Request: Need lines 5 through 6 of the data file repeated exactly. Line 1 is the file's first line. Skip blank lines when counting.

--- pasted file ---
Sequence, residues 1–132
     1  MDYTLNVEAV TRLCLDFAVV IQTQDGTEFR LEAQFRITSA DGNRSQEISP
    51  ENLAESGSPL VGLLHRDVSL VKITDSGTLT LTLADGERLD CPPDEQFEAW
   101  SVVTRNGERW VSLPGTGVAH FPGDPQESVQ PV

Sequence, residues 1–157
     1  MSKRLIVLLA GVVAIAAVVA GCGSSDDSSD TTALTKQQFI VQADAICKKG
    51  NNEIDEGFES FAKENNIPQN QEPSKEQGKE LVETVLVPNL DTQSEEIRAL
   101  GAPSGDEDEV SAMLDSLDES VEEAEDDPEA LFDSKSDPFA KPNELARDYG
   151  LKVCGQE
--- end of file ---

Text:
Sequence, residues 1–157
     1  MSKRLIVLLA GVVAIAAVVA GCGSSDDSSD TTALTKQQFI VQADAICKKG